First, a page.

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Anecdotal Observations of Youth Athletes Specializing Too Early

Over the last 8 years I’ve had the privelage of training some amazing athletes. Since beginning my career as a strength coach, many conversations have taken place regarding athletes specializing in a specifc sport at too early of an age. My primary role as a strength coach is to ensure that my athletes are in peak condition to perform their best at their next sporting event (practice or competition). I’m also a sport coach (ice hockey and mountain biking), so I also understand the importance of sport specific skill aquisition, but at age is this appropriate? Too many times I’ve had to teach kids how to move for everyday athletic endeavors (crawling, rolling, squatting, walking, then running). All of these fundamental movements have excellent carry over to sport specific skills, but they’re learned in the wrong order.

We have just answered the question: When can an athlete focus on sport specific skills? When they have learned the fundamental movement patterns efficiently.


Trending Physical Acitivity & Accountability

As humans in a fast past world with obligations outside of keeping ourselves healthy, there is a need for us to hold each other accountable. How do we hold ourselves accountable? What if there was a way to check in on a website that is filled with people we admire and respect and witness on a daily basis? Does this sound familiar? It should, cause most likely you’re on it or know of someone who is participating in this social community on a daily, hourly, even minutely basis. Contributing to it, even if it is just a sentence. Yes, we’re talking about social networking; Twitter, Facebook, Linked in, and the list goes on.

Our main focus is going to be Twitter, considering that it’s simple and quick. The limit on character usage limits our desire to editorialize our efforts and/or excuses for why we did or didn’t take action to better ourselves. As I was checking in with my coach, he caught me editorializing my efforts and immediately pointed out, in spite of not getting my gym time in when I planned, I still got it done!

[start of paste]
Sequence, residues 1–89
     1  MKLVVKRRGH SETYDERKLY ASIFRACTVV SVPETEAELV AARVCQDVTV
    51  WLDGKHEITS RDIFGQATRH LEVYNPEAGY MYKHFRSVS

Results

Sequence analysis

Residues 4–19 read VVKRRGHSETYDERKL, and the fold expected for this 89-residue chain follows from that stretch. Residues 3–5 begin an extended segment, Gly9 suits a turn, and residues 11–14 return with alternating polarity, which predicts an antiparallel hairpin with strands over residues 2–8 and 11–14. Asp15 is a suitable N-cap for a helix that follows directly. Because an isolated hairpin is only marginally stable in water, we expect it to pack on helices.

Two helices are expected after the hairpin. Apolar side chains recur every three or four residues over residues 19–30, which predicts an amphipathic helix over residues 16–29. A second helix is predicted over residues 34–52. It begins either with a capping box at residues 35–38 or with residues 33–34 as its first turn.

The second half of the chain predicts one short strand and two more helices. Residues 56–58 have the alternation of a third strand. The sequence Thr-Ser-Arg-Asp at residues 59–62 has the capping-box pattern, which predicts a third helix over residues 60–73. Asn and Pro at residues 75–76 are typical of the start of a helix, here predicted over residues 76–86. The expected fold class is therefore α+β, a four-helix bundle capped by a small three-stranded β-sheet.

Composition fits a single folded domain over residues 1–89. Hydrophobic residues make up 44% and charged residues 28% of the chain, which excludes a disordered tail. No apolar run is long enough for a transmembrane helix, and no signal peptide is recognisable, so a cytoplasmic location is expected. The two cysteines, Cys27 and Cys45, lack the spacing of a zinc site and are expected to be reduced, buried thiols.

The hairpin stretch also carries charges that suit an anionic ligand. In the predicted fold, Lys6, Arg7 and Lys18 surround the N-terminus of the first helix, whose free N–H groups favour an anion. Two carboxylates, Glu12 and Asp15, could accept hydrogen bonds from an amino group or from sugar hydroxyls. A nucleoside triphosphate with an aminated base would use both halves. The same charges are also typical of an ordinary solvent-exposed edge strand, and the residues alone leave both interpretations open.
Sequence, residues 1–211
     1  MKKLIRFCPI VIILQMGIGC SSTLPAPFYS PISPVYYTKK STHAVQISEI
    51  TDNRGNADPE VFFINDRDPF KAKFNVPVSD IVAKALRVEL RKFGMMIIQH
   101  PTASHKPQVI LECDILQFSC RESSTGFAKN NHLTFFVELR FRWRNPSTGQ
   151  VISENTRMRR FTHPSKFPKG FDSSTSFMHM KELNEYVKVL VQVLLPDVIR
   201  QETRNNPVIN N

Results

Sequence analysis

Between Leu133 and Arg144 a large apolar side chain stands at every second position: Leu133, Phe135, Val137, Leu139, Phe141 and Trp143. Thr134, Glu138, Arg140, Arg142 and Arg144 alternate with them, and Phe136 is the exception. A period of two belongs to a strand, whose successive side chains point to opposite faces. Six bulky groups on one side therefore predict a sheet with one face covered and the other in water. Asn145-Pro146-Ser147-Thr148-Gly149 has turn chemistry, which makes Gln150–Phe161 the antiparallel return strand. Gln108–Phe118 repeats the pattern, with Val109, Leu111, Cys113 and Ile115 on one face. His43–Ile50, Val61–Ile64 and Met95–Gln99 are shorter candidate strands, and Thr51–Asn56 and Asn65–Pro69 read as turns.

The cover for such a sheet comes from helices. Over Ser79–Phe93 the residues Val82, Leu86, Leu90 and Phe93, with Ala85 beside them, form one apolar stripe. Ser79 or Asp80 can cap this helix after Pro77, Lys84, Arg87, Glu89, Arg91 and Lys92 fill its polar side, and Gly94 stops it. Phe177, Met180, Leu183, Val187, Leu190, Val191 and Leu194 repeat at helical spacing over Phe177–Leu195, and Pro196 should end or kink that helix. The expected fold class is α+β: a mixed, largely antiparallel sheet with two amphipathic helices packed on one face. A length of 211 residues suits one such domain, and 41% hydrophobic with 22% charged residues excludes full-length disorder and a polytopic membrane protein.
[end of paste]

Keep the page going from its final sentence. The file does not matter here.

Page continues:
How do we check in quickly, effectively and in a language everyone will understand? Perhaps hash tags (#)? I’ve discussed with several other professionals in the field of strength & conditioning, health, and wellness regarding potential hash tags. And it’s gone through several versions, and I’m sure they’re will be many more, but most recently we’ve come up with Physical Activity Check in, hashed it looks like #PhysicalActivityCheckin or the short version is #PAC. For example: yesterdays #PAC was a workout at Anytime Fitness in Gig Harbor, WA. The main part of my workout was Dead Lifts and Turkish Get Ups with a Barbell. There was more to the workout, but hashing those two exercises leave open the possibility for other people to hash them and potentially inquire about technique, and ways of including them in their workouts.

Twitter appearance that used 124 of 140 character limit:

#PAC #PhysicalActivity#Checkin. #DeadLifts & #BarbellTurkishGetUps @ Anytime Fitness Gig Harbor WA (mentioned two other twitter users who’re inspiring this trend)

What is the ultimate goal with hashing this? I’d like to see hashing physical activity to become a trend, where tweeters all over the world are tweeting about their physical activity, being proud of what they’ve accomplished. Whether it’s 10 push-ups every hour, 100 burpees in a specific amount of time, personal record for a power cleans… the list can go on and on! A lot of other topics have had their trends, now its time for ours!

If you’re pondering the idea of hash tagging your physical activity, but not quite sure what to to hash, here is a short list. I’m inviting all of you to add to my list as many as you’d like! The sky is the limit!

#RDL (Romanian Dead Lifts)